I have a 3-story house with two 10-year old toilet bowls. Both bowls have a somewhat weak flush, but still work fine, though often the bowl needs plunging.

Just recently, I started hearing a hammering noise in the basement pipes when flushing the toilets. Note, this is not after the flush is completed, but as soon as the flush starts. The banging noise will stop once the toilet tank has completely finished refilling itself.

I read on some other forum that the problem is not the same as water hammer. What is this problem exactly? What is the solution?

  • Tracking this down is going to require the use of a highly specialized tool; another person. Go in the basement and have the other person flush until you can identify a general area or a pipe. As of now, this is an utterly wild goose chase. I'm glad you ruled out water hammer somehow because I hired gremlins with a small hammer to await your flushes and drive you crazy.
    – MonkeyZeus
    Sep 20, 2022 at 13:05
  • the solution stated on other forum was to snake the cleanout, but no explanation why. i don't have access to a cleanout, at least i don't think so.
    – blue_ego
    Sep 20, 2022 at 13:51
  • I'm confused on how you ruled out water hammer?
    – MonkeyZeus
    Sep 20, 2022 at 13:53
  • @MonkeyZeus i haven't, but b/c the sound starts at the beginning of the flush, it's not exactly similar to the description i am reading.
    – blue_ego
    Sep 20, 2022 at 14:23

3 Answers 3


The problem is the fill valve in the tank has worn and water rushing through is getting disturbed. Those vibrations are being felt in the basement supply line. Change the fill valve.

  • Comments are not for extended discussion; this conversation has been moved to chat.
    – BMitch
    Sep 23, 2022 at 12:32

You describe a noise when the tank (what tank?) has been refilled after a flush. This is classic water hammer: noise when water in motion (here, filling the tank) is suddenly forced to change direction or stop flowing.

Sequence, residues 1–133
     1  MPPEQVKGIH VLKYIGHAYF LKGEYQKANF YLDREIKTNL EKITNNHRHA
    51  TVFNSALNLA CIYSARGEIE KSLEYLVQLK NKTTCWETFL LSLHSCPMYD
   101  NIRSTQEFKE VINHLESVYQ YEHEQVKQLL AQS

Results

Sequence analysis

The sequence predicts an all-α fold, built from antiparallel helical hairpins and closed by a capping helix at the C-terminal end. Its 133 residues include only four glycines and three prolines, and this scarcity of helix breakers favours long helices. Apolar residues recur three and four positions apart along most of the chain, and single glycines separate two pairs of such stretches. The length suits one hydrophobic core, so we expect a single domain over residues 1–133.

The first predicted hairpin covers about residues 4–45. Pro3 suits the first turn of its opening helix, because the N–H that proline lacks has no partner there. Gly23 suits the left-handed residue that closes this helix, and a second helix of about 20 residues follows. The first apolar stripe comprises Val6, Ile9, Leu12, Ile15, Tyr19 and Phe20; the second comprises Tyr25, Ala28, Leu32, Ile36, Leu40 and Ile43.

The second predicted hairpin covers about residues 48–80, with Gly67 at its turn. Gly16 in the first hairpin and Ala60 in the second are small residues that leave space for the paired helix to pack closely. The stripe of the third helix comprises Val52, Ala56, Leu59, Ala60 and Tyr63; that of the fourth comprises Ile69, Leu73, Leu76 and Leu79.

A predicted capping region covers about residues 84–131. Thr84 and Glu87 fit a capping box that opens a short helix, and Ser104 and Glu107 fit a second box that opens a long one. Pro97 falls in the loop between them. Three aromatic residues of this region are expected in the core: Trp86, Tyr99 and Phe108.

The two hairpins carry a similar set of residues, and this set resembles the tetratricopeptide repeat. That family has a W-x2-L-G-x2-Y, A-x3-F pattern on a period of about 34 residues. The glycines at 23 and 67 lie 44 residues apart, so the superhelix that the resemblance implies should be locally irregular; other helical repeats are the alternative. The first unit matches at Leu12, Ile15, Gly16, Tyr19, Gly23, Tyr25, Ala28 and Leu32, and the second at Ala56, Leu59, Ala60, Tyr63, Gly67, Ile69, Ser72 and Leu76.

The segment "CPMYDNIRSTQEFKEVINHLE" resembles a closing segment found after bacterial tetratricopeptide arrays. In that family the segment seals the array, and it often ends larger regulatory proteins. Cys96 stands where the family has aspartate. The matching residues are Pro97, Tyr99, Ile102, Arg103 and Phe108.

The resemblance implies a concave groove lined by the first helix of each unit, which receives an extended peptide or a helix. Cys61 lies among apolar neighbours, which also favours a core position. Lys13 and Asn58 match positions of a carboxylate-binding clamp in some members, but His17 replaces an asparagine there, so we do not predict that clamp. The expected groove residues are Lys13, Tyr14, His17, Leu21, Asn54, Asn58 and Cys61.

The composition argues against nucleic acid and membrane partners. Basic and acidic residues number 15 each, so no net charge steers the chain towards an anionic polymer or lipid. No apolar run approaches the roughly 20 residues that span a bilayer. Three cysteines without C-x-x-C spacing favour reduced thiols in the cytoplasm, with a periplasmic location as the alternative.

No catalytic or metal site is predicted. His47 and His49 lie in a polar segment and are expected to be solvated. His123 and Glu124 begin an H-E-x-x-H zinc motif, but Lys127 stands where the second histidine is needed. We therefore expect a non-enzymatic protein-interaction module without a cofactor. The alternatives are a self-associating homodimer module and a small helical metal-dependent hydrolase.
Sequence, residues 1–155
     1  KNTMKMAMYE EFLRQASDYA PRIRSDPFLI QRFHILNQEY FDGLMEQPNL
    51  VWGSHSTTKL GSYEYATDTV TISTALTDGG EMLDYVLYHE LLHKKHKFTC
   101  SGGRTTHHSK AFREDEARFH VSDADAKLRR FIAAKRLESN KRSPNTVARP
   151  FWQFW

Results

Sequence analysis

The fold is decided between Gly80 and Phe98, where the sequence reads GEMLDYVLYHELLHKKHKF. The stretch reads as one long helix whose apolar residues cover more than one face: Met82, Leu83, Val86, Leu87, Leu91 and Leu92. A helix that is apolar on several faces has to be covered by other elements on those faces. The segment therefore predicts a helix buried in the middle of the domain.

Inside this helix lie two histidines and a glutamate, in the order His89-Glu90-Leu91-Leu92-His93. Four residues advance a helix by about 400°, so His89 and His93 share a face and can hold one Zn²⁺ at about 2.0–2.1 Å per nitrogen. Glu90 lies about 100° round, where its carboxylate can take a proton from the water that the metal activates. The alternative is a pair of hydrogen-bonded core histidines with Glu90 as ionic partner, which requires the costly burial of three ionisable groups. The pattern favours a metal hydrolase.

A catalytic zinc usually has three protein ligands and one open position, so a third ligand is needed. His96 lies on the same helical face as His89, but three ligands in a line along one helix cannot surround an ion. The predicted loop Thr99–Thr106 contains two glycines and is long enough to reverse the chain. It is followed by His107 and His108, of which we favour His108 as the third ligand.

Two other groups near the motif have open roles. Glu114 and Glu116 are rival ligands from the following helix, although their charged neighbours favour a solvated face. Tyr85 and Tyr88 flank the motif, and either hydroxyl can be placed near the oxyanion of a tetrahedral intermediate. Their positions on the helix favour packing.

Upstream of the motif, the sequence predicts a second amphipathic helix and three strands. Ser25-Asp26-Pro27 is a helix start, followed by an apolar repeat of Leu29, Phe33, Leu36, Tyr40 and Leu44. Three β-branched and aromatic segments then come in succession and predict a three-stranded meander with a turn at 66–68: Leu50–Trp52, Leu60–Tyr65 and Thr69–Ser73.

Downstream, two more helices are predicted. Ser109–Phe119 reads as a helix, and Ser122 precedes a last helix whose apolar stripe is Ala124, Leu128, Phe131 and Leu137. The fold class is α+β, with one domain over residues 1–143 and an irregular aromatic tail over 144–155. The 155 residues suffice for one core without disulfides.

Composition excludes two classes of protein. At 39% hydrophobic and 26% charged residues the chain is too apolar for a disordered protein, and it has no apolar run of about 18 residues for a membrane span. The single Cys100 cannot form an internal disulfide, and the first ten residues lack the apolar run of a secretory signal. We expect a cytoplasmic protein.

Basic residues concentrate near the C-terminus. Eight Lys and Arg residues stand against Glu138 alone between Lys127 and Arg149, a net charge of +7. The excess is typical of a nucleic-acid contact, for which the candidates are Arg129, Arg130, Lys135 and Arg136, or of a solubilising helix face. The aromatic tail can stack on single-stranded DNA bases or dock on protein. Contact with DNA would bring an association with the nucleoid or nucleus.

Most commonly, this occurs because of a fault in the toilet's fill valve, the one in the toilet tank that turns off the water when the toilet tank has refilled.

You changed one of the toilet's fill valves. Now change the other toilet's fill valve.

While there are possible causes, you must eliminate the most likely causes first.


Check your water pipes for a pressure reducing valve (PRV). The PRV will typically have a bell shape with an adjustment nut on top and be installed just after the main water shutoff. I've seen these go bad with similar symptoms, pipes banging when water is run rather than on a quick shutoff. The high pressure in the home also causes other valves, like the toilet valve, to fail prematurely.

If you have one, and the water pressure in your home is over the typical 40-60psi range, replace the PRV.

Your Answer

By clicking “Post Your Answer”, you agree to our terms of service and acknowledge you have read our privacy policy.

Not the answer you're looking for? Browse other questions tagged or ask your own question.